Stop me if you've read this before. A relatively new Internet company, on the cutting edge of technology, pushes the law's envelope when it comes to federal copyright law and, in doing so, steps on the toes of an established industry. Worried about losing its intellectual property, not to mention a lot of money, the industry pushes back and a federal judge sides with the old and punishes the new.
We saw this scenario earlier this year with Napster and its fight with the music industry. We saw it just a few weeks ago in the realm of digitally-manipulated movies. And on Wednesday we saw it again when U.S. District Judge Jed. S. Rakoff ordered MP3.com to pay millions for "willfully" violating Universal Music Group's copyright by essentially causing or allowing copyrighted material to be re-played or re-broadcast for commercial purposes.
In each case, the new company had used the Internet and fascinating new technology to challenge the old guard, arguing that existing federal copyright laws don't specifically apply to these technologies and that medium. And each time, a judge has extended the scope of those laws to include the dot-com world even while recognizing, explicitly or implicitly, that the law in this area is scrambling to catch up with the cyberworld.
In the case of MP3.com, the judge was explicit with his disdain, saying that his ruling against the music-sharing company was designed to send a message to the Internet community that copyright infringement isn't and shouldn't be considered some badge of honor among techies. Rakoff said that some such companies "may have a misconception that, because their technology is somewhat novel, they are somehow immune from the ordinary applications of laws of the United States, including copyright laws."
But while Wednesday's decision clearly is a victory for Universal Music Group in particular and the music industry in general, and while it is a crushing, perhaps fatal blow, to MP3.com, it's hard to see how these individual decisions by judges in one part of the country or another are going to stop in any meaningful way the crush of new and seemingly illegal uses of Internet technology. At best, these rulings amount to trying to stop a flood by putting your finger in the broken dam.
Even then, the few decisions which have tried to stem the tide have been limited in scope and effect. In the Napster case earlier this year, for example, the trial judge enjoined the company from continuing to help its users to download copyrighted music. Had that ruling stood, it would have essentially shut down Napster and precluded in some way its users from doing what the judge deemed to be illegal. But then the 9th U.S. Circuit Court of Appeals stopped the injunction from going into effect, which means that Napster is still doing today what a federal judge in California said many months ago was illegal.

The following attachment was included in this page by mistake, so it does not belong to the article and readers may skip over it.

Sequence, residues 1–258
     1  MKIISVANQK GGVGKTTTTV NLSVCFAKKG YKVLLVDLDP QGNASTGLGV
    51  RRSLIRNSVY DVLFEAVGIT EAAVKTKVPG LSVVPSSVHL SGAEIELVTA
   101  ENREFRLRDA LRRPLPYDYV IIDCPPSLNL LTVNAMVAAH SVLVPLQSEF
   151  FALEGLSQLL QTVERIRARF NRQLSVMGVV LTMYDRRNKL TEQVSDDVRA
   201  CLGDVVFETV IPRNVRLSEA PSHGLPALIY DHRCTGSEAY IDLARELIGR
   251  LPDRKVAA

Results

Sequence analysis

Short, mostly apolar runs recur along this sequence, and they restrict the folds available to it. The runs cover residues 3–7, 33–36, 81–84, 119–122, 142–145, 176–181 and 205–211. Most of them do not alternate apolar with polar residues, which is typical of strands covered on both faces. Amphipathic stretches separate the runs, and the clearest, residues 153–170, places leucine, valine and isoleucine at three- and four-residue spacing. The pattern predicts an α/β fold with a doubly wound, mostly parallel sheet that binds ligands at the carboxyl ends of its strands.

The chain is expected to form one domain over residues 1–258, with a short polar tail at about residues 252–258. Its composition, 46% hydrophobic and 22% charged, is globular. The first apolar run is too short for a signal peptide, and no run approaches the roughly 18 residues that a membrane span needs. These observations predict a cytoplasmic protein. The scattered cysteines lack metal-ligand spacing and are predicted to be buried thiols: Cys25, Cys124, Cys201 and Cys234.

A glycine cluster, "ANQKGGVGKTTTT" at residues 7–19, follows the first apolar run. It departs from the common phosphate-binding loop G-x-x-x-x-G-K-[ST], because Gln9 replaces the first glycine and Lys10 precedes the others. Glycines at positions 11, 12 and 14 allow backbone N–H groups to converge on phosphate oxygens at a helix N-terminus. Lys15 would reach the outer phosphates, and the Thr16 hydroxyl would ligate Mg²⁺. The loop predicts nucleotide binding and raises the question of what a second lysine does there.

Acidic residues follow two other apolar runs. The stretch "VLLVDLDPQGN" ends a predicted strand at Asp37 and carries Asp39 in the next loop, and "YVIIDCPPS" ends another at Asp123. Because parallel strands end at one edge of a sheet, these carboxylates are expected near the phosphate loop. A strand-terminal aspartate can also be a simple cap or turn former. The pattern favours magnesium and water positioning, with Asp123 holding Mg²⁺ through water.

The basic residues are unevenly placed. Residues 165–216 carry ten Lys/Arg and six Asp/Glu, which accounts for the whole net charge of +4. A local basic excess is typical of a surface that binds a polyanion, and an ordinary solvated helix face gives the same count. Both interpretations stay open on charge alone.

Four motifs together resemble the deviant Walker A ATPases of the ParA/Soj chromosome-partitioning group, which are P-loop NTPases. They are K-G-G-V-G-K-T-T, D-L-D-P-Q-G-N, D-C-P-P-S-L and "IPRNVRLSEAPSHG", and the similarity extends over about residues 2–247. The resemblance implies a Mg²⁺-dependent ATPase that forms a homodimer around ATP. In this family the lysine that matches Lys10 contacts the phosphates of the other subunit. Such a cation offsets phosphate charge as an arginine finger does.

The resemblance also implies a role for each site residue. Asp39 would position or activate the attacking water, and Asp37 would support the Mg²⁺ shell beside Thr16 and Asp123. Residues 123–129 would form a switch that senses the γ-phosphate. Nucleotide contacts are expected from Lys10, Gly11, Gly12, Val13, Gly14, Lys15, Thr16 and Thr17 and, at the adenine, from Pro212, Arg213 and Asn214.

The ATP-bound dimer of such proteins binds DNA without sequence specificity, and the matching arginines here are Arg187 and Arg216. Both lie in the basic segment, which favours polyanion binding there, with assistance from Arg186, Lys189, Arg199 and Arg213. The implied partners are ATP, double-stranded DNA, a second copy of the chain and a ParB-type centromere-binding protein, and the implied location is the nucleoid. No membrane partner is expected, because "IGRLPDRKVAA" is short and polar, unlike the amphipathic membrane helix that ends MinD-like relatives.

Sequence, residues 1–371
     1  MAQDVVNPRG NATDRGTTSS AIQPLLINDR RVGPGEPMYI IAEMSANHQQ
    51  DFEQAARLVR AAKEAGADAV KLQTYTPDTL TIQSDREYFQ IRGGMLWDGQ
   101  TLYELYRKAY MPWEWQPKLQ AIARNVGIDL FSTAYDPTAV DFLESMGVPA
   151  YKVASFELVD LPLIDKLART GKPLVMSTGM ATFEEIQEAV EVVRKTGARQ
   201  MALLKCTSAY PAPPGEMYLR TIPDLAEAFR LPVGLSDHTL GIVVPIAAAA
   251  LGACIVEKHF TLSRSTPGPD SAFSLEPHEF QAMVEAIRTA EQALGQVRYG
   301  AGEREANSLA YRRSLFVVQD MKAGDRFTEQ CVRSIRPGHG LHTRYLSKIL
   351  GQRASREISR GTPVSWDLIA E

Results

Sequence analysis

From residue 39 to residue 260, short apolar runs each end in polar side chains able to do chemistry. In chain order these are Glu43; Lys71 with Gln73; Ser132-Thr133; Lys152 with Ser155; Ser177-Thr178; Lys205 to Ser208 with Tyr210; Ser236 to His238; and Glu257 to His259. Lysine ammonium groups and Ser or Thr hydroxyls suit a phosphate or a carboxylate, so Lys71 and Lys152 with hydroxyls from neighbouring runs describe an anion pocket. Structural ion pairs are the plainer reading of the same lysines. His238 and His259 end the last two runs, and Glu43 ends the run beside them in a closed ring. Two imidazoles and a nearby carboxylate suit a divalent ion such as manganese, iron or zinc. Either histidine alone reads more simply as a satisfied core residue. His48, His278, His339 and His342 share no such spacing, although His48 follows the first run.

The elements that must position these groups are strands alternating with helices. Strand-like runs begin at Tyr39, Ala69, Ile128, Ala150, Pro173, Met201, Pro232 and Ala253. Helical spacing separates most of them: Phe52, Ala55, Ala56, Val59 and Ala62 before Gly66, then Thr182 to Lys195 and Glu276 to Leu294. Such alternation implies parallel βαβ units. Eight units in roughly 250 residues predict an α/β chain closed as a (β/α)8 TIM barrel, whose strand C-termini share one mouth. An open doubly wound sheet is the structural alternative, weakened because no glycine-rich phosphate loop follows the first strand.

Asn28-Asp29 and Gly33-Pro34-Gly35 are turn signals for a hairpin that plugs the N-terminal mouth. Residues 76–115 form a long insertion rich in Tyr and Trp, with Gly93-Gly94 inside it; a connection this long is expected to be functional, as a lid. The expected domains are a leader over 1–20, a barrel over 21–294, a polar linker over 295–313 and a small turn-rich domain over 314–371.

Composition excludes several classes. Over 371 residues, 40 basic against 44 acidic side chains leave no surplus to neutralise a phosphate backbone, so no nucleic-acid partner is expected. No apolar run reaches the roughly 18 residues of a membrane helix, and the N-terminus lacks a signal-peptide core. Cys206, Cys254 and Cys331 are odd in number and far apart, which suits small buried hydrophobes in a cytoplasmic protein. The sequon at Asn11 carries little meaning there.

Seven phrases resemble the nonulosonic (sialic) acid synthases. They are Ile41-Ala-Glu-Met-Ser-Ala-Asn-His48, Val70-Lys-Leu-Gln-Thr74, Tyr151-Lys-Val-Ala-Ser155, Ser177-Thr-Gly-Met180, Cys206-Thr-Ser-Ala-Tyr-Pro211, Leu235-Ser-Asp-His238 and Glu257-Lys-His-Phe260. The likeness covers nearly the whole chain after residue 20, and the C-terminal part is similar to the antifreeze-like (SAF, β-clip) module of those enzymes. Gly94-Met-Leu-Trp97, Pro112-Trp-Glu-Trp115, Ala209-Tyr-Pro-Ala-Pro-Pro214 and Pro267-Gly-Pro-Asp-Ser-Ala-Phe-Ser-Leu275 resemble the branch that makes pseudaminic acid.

An while the attorneys for MP3.com pledged to appeal Wednesday's ruling in November, after the judge tallies up the exact amount owed by the company, the company itself will roll on with its business. Meanwhile, other Internet companies have sprouted up offering similar or slightly different services, many of which also are on the cutting edge of technology and thus perhaps on the dangerous ledge of the law. Indeed, by certain standards, MP3.com was one of the more responsible and reasonable companies involved in this sort of practice.
This Catch-22 is simply what happens when the laws fall behind the times. And the problem won't end until Congress steps in and passes new federal copyright laws which specifically address the Internet realm and which are specifically designed to deter copyright violations. Or the problem will end when the industries involved -- be they music or video or whatever -- move to embrace the folks in charge of the new technologies so that they all find a way to make a buck. And you would think with all the money involved in all of this, that wouldn't be too hard to do.